Cambridge Literary Festival: Women on the March

The Women's March on Washington broke the record for the single biggest day of protests in US history. At Cambridge Literary Festival the panel discussed the importance of feminism and protest in contemporary politics.

Cambridge Literary Festival: Women on the March

This event was originally meant to feature Catherine Meyer and Labour MP Jess Philips, however due to the snap election announcement, Philips has been whisked off on the campaign trail, and so in her place was activist Nimko Ali.

However, in discussing the importance of women's issues in politics it was no less an interesting discussion. Catherine Meyer started the Women's Equality Party to put pressure on the main parties and prove that equality is still a vote winner. Since its inception in 2017 it has had many successes however, Meyer says there is still work to do, namely to bring men on board and getting them to understand it is for them too.

So is it important that this party is non-partisan? Absolutely, Ali answers, as women's issues apply to females of any politics. Her main work has been to campaign about FGM, even getting David Cameron to speak up about this when he was Prime Minister. For Ali, FGM is important as it is specifically female focused violence - you are only at risk if you are female. This opens up a wider concern with how we talk about women's bodies in the political sphere and media - or more importantly how we don't. The main question is are we becoming uncomfortable about discussing biology because we fear we may reduce women to it? However both Ali and Meyer believe talking about women's anatomy is important, to increase awareness and make people comfortable talking about it, where as currently women's bodies seem to be 'unspeakable'.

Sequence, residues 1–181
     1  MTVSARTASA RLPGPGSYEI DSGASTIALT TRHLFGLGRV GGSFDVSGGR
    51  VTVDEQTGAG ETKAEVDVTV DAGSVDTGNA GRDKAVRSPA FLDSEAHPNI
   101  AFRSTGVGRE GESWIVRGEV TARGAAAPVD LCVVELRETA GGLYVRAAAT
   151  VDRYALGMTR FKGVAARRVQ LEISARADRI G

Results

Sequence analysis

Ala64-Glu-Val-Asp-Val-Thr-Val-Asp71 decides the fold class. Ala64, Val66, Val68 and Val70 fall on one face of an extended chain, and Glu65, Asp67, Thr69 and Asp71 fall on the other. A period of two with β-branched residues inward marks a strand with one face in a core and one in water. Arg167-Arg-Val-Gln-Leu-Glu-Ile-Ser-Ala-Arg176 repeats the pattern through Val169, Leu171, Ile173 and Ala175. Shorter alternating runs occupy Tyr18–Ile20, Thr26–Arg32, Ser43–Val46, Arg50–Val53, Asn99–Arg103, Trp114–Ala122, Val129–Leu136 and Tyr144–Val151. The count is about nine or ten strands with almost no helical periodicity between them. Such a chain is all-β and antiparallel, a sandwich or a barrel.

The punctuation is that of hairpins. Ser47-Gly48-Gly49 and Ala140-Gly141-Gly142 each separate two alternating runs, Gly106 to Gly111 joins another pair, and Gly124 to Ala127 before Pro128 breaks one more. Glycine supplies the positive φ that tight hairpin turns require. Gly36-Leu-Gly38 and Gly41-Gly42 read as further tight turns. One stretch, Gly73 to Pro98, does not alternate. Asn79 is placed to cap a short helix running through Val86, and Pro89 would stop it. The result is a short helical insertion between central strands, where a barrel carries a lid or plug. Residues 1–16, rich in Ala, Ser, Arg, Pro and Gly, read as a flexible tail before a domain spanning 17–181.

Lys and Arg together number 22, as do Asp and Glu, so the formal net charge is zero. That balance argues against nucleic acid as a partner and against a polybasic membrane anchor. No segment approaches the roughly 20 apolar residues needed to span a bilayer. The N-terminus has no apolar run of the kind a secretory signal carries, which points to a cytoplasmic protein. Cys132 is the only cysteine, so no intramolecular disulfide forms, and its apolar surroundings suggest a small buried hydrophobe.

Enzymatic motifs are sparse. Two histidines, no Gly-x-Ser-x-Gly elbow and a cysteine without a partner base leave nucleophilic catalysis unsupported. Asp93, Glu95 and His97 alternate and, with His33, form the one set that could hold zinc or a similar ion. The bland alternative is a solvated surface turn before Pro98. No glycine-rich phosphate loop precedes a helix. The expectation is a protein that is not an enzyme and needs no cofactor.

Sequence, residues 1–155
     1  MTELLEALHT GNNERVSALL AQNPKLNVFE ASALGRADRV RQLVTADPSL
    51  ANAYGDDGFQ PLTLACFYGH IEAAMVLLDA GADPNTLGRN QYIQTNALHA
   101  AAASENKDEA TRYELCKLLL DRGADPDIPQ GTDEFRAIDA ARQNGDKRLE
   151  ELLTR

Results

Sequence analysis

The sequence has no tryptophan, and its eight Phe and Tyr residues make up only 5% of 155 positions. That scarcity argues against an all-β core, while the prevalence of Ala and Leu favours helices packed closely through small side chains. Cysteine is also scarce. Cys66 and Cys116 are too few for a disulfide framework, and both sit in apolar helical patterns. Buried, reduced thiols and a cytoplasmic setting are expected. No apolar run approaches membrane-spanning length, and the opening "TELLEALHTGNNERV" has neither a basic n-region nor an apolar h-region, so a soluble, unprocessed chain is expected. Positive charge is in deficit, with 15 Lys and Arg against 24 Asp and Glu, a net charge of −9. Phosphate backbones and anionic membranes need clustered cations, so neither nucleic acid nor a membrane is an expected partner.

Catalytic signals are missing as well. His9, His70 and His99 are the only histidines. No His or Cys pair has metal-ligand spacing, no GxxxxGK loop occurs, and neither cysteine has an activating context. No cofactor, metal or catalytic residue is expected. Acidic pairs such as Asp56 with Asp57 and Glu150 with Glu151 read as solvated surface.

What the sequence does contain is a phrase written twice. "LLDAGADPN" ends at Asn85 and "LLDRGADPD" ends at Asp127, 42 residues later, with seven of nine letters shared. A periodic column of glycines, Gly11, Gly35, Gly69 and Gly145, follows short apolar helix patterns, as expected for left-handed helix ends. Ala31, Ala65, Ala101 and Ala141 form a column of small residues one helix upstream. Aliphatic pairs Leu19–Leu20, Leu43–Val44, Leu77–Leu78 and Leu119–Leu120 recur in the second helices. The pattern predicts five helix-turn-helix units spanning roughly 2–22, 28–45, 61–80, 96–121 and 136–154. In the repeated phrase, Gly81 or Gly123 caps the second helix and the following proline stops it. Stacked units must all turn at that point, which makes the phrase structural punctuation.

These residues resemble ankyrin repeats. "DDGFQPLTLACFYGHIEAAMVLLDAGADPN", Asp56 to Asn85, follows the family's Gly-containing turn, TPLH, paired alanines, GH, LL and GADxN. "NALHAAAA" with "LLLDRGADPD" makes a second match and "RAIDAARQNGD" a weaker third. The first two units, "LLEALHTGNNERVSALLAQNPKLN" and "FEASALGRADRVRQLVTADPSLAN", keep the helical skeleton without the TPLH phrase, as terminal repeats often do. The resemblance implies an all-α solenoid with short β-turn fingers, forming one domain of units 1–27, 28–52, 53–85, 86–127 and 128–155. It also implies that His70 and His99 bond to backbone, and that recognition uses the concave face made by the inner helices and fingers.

The conversation ranged across connected topics, for example sex work, pornography, page 3 and a number of related issues all of which were looking at the importance at having open discussion and debate. They seek not to stamp out and oppress these issues, but to create more constructive, safer and freer environments which women can express themselves in.

Is Feminism too radical? Meyer suggests that regardless, it is necessary now, more than it ever has been. For Ali we need to get more radical and bring more attention to these issues, instead of spending time talking about the issues misogyny wants us to talk about.

This was a really interesting event looking at the importance of feminism in contemporary politics, and while it is clear that as a huge movement feminism is diverse, full of different opinion and often conflicts, it is heartening to see that there are women fighting for action and political progress, and inspiring others to do the same.


Ellen Orange

Ellen Orange Contributor

I am a 24 year old Marketing Officer from the North East with a passion for arts and writing. I did a BA in English Literature and an MA in Twentieth and Twenty First Century Literature at Durham University, because I love books and reading! I have experience in writing for a variety of student publications, as well as having contributed to Living North, a regional magazine and Culture magazine, a supplement to regional newspaper, The Journal. I have been part of a Young Journalists scheme writing for NewcastleGateshead's Juice Festival, a young people's arts and culture festival, and have since become a Team Juice member. As well as reading and writing, I love theatre, photography and crafts.

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  • Luke Taylor

    On 25 April 2017, 10:12 Luke Taylor Contributor commented:

    Feminism is certainly a controversial topic. Read more here:

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